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Inverse associations between serum urate and glycemic status in a general population and in persons with diabetes mellitus

Abstract

Background

Results of previous studies regarding the relationship between blood urate level and diabetes are conflicting. The aim of this study was to clarify the relations of urate with glycemic status and metabolic syndrome in a general population and in patients with diabetes.

Methods

The participants were 12,528 men receiving health-checkup examinations (29–70 years old) and they were divided into four quartile groups for serum urate levels. Relationships of urate with metabolic syndrome and its components were investigated after adjustment for age and lifestyle factors such as smoking, alcohol drinking and regular exercise.

Results

In the overall participants and the participants with diabetes (n = 802), hemoglobin A1c levels were significantly lower in the 2nd, 3rd and 4th quartiles for urate than in the 1st quartile and the levels tended to be lower with an increase in the quartile. In the overall participants, the adjusted odds ratios for diabetes vs. the 1st quartile of urate were significantly lower in the 2nd quartile (0.71 [0.59–0.87])), 3rd quartile (0.51 [0.41–0.63]) and 4th quartile [0.35 (0.28–0.44)) than the reference level and the odds ratio tended to be lower with an increase in the quartile. A high urate level was positively associated with visceral obesity, hypertension, dyslipidemia (high triglycerides and/or low HDL cholesterol) and metabolic syndrome, and these associations were less prominent in the diabetes group than in the overall participants.

Conclusions

Blood urate level is inversely associated with glycemic status in both a general population and patients with diabetes. Positive associations of urate with metabolic syndrome and its components except for diabetes are confounded in the presence of diabetes.

Background

Hyperuricemia is a risk factor for atherosclerosis and is involved in the pathogenesis of cardiovascular disease [1]. There has been an accumulation of information on the associations of urate with metabolic syndrome and its components such as obesity, hypertension and dyslipidemia [2,3,4]. However, the relationship of urate with diabetes is still not clear. According to the results of a meta-analysis study using data for 8 prospective studies, a high serum urate level is associated with the risk of type 2 diabetes in middle-aged people and elderly people [5]. However, the results of a prospective study on men and women in US communities suggested that urate level increases prior to diagnosis of diabetes and then declines with the duration of diabetes [6, 7]. A bell-shaped relationship between glycemic status and serum urate level has been found in previous cross-sectional studies [8, 9]: Compared with a group of subjects with low glycemic levels, urate levels were high in a group of subjects with medium glycemic levels and were low in a group of subjects with high glycemic levels. In a biracial population of Fiji, compared with the levels in a normo-glycemic group, urate levels were high in a group with impaired glucose tolerance and were low in a group with diabetes [10]. These findings of the cross-sectional study agree with the aforementioned findings of the prospective study [6, 7]. On the other hand, in a previous cross-sectional study, serum urate level showed linear inverse associations with glycemic status and prevalence of diabetes [3]. Moreover, in a prospective study on healthy Korean men, fasting glucose was associated with incidental hyperuricemia [11]. Regarding patients with diabetes, there has been limited information on the relationship between urate and glycemic status. An inverse association between serum urate level and glycemic status was reported in Iranian patients with diabetes [12]. In a recent study in China, it was shown that serum urate level was inversely correlated with hemoglobin A1c in patients with type 2 diabetes but was positively correlated with hemoglobin A1c in normo-glycemic subjects [13]. Thus, conflicting results have been reported for the relationships of blood urate level with glycemic status in both a general population and patients with diabetes. However, there have been few studies in which the relationship between blood urate level and glycemic status was investigated simultaneously in a general population and in patients with diabetes using the same cohort.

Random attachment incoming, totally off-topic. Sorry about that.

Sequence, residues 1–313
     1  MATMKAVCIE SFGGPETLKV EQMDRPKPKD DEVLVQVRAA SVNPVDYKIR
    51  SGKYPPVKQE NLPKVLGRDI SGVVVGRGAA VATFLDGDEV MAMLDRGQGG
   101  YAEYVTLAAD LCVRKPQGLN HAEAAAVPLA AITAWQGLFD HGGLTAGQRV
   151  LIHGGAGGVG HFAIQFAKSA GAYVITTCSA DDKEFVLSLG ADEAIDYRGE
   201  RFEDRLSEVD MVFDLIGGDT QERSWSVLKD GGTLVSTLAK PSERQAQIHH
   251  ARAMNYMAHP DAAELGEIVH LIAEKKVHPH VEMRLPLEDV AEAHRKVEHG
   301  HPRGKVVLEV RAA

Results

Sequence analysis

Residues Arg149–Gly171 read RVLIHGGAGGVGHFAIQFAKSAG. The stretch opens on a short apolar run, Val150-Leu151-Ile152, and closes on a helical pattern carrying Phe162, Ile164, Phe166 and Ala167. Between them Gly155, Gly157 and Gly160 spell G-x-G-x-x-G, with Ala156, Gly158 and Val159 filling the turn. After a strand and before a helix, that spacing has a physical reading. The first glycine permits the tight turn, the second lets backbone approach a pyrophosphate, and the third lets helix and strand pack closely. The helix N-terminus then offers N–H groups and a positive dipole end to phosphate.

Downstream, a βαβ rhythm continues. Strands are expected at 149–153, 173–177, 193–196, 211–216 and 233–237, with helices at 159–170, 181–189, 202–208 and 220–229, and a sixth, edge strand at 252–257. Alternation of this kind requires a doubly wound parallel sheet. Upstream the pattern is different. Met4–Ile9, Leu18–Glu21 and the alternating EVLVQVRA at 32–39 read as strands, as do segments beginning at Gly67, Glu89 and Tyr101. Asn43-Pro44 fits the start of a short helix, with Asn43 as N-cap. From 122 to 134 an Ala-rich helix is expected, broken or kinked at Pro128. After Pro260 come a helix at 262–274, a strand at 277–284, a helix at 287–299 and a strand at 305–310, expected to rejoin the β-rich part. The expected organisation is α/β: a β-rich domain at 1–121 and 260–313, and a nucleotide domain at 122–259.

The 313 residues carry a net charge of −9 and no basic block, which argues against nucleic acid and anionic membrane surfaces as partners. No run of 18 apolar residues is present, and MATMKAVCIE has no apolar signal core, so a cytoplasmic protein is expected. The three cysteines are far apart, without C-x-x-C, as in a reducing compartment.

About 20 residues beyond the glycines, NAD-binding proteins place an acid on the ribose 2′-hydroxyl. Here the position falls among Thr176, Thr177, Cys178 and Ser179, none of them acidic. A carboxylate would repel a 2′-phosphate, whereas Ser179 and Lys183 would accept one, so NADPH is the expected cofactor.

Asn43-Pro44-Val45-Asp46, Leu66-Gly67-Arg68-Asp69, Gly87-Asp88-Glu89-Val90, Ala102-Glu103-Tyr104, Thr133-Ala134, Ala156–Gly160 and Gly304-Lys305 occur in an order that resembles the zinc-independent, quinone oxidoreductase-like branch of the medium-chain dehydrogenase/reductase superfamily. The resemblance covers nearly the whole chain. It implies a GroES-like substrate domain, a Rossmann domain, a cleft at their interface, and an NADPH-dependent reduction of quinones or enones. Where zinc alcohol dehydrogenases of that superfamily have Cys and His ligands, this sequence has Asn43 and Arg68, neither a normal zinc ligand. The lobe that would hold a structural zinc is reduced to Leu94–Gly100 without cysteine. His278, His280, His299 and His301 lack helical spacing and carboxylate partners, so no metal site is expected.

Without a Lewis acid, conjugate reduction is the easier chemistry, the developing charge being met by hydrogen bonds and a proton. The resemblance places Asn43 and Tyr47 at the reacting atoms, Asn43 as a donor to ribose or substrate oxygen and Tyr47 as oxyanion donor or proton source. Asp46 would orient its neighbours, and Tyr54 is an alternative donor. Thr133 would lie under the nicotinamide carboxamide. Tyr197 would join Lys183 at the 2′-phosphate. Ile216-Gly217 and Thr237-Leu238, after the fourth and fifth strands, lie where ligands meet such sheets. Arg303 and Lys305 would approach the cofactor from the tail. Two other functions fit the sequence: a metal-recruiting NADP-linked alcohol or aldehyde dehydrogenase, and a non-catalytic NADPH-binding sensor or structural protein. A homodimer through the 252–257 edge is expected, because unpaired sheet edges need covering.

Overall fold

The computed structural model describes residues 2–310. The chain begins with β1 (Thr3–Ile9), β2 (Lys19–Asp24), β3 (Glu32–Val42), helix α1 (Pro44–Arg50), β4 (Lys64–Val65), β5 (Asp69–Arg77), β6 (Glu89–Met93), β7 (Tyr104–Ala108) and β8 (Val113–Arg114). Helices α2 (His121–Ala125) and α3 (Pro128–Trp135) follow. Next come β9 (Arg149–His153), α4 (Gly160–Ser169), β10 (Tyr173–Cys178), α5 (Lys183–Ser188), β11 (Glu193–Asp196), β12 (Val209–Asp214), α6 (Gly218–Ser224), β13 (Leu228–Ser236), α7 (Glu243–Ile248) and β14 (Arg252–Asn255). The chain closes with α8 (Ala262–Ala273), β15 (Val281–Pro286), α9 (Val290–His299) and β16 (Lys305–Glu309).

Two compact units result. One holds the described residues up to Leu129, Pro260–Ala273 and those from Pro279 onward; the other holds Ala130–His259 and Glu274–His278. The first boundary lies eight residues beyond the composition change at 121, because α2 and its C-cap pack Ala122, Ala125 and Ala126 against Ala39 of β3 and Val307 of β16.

The purpose of this study was therefore to clarify the relationship between serum urate level and glycemic status in middle-aged men in a general population and in patients with diabetes using results of health checkup examinations in a large cohort. Glycemic status was evaluated by hemoglobin A1c, and hemoglobin A1c and other components of metabolic syndrome were compared in quartile groups for serum urate level.